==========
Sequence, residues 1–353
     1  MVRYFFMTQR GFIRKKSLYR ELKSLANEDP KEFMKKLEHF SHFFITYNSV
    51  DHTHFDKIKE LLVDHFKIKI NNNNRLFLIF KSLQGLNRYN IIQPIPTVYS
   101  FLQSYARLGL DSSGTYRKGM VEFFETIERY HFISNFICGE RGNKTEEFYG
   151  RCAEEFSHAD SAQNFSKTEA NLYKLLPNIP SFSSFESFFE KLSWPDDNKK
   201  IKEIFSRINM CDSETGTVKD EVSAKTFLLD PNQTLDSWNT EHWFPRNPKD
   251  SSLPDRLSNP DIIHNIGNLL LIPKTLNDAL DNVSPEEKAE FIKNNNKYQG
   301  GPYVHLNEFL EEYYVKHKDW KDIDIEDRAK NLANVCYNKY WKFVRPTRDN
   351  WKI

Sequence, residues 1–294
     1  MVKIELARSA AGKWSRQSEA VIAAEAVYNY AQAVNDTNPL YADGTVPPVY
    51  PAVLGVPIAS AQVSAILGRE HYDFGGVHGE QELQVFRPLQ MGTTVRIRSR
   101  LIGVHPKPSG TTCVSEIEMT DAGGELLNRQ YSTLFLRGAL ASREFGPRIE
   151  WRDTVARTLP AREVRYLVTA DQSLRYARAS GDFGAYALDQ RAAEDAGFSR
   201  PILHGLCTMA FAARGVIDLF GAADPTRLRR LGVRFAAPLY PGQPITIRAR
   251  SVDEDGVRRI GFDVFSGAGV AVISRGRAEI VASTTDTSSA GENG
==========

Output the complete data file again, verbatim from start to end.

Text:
Sequence, residues 1–353
     1  MVRYFFMTQR GFIRKKSLYR ELKSLANEDP KEFMKKLEHF SHFFITYNSV
    51  DHTHFDKIKE LLVDHFKIKI NNNNRLFLIF KSLQGLNRYN IIQPIPTVYS
   101  FLQSYARLGL DSSGTYRKGM VEFFETIERY HFISNFICGE RGNKTEEFYG
   151  RCAEEFSHAD SAQNFSKTEA NLYKLLPNIP SFSSFESFFE KLSWPDDNKK
   201  IKEIFSRINM CDSETGTVKD EVSAKTFLLD PNQTLDSWNT EHWFPRNPKD
   251  SSLPDRLSNP DIIHNIGNLL LIPKTLNDAL DNVSPEEKAE FIKNNNKYQG
   301  GPYVHLNEFL EEYYVKHKDW KDIDIEDRAK NLANVCYNKY WKFVRPTRDN
   351  WKI

Sequence, residues 1–294
     1  MVKIELARSA AGKWSRQSEA VIAAEAVYNY AQAVNDTNPL YADGTVPPVY
    51  PAVLGVPIAS AQVSAILGRE HYDFGGVHGE QELQVFRPLQ MGTTVRIRSR
   101  LIGVHPKPSG TTCVSEIEMT DAGGELLNRQ YSTLFLRGAL ASREFGPRIE
   151  WRDTVARTLP AREVRYLVTA DQSLRYARAS GDFGAYALDQ RAAEDAGFSR
   201  PILHGLCTMA FAARGVIDLF GAADPTRLRR LGVRFAAPLY PGQPITIRAR
   251  SVDEDGVRRI GFDVFSGAGV AVISRGRAEI VASTTDTSSA GENG